Different Cytotoxic Effects of Caper from Different Geographical Regions May Be Related to Changes in Mitochondrial Sirt3

Document Type: Original paper


1 Cellular and Molecular Research Center, Ahvaz Jundishapur University of Medical Sciences, Ahvaz, Iran. Department of Pharmacology and Toxicology, School of Pharmacy, Ahvaz Jundishapur University of Medical Sciences, Ahvaz, Iran. Student Research Committee, School of Pharmacy, Shiraz University of Medical Sciences, Shiraz, Iran.

2 Cellular and Molecular Research Center, Ahvaz Jundishapur University of Medical Sciences, Ahvaz, Iran. Department of Toxicology, Faculty of Medical Sciences, Tarbiat Modares University, Tehran, Iran.

3 Cellular and Molecular Research Center, Ahvaz Jundishapur University of Medical Sciences, Ahvaz, Iran.

4 Department of Pharmacology and Toxicology, School of Pharmacy, Ahvaz Jundishapur University of Medical Sciences, Ahvaz, Iran.

5 Department of Pharmacognosy, School of Pharmacy, Ahvaz Jundishapur University of Medical Sciences, Ahvaz, Iran.

6 Demepartment of Pharmacognosy, School of Pharmacy, Shiraz University of Medical Sciences, Shiraz, Iran.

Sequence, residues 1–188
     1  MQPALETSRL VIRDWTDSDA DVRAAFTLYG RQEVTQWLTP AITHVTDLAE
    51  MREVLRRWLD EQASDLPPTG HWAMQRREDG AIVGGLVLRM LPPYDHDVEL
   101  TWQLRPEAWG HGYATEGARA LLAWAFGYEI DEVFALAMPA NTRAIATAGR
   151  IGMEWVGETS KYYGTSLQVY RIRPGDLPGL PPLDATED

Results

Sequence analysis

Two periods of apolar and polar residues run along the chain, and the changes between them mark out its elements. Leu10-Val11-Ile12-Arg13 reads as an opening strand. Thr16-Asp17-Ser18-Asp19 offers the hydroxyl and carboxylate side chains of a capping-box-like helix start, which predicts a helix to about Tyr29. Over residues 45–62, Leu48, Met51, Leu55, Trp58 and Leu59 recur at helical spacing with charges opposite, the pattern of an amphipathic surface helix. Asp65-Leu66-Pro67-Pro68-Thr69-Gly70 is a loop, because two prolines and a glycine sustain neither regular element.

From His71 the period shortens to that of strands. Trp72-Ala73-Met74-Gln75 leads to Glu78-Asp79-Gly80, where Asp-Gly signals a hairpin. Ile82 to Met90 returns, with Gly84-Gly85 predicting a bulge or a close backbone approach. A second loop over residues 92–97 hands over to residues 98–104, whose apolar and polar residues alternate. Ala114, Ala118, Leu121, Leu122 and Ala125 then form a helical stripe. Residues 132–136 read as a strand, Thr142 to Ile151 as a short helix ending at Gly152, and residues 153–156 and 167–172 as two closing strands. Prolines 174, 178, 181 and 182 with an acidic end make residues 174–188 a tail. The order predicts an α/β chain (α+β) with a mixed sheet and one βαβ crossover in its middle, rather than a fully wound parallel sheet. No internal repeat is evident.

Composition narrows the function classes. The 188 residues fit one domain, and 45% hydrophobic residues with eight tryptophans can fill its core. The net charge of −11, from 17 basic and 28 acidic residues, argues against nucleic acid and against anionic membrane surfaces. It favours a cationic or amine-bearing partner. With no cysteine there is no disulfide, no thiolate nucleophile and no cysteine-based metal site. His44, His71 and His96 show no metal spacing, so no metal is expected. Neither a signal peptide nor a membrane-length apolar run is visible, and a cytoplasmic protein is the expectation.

Background and objectives: Beside its nutritional role, caper (Capparis spinosa) has long been used as an analgesic, anti-inflammatory, anti-diabetic and anti-cancer remedy. In the present study, we tested whether this plant can make effective changes in Sirt3 and mitochondrial function in colorectal carcinoma cell line since mitochondrial dysfunction has long been implicated in both cancer and diabetes and benefit confers by caper in these diseases might be due to mitochondrial alterations. Methods: Total flavonoids and phenolics were assayed using colorimetric tests. Cytotoxicity of a phenolic-flavonoid rich extract of caper collected from two different geographical regions (south and west) were mechanistically studied in HT-29 cell line. Activity of an essential mitochondrial enzyme, Sirt3 has also been evaluated along with other parameters. IC50 of extracts were determined by MTT cytotoxicity assay, cell death and mitochondrial membrane potential were evaluated via flow cytometric analysis. Also, at IC50 concentrations, Sirt3 activity was determined fluorimetrically. Results: The results showed that caper induced significant cytotoxicity in HT-29 cells followed by mitochondrial membrane potential collapse, ROS overproduction, Sirt3 activity alteration and cell death. Conclusions: The above-mentioned cytotoxic parameters were inversely proportional to the phenolic and flavonoid contents of the extract showing that other mechanisms beyond their antioxidant capacities may contribute to their anti-cancer effects. In other term, these results suggest that antioxidant capacity may not directly contribute to the anticancer property.


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